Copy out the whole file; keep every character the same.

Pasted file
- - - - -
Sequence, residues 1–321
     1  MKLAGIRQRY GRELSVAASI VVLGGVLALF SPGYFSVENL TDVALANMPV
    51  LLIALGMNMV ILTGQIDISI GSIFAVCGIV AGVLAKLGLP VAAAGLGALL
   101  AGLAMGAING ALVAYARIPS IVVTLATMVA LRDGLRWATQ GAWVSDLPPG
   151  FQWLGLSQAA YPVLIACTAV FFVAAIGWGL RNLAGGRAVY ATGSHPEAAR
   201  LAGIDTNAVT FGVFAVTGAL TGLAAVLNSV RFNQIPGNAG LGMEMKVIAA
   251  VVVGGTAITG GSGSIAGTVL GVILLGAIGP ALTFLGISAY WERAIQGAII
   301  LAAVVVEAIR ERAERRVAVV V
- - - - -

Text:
Sequence, residues 1–321
     1  MKLAGIRQRY GRELSVAASI VVLGGVLALF SPGYFSVENL TDVALANMPV
    51  LLIALGMNMV ILTGQIDISI GSIFAVCGIV AGVLAKLGLP VAAAGLGALL
   101  AGLAMGAING ALVAYARIPS IVVTLATMVA LRDGLRWATQ GAWVSDLPPG
   151  FQWLGLSQAA YPVLIACTAV FFVAAIGWGL RNLAGGRAVY ATGSHPEAAR
   201  LAGIDTNAVT FGVFAVTGAL TGLAAVLNSV RFNQIPGNAG LGMEMKVIAA
   251  VVVGGTAITG GSGSIAGTVL GVILLGAIGP ALTFLGISAY WERAIQGAII
   301  LAAVVVEAIR ERAERRVAVV V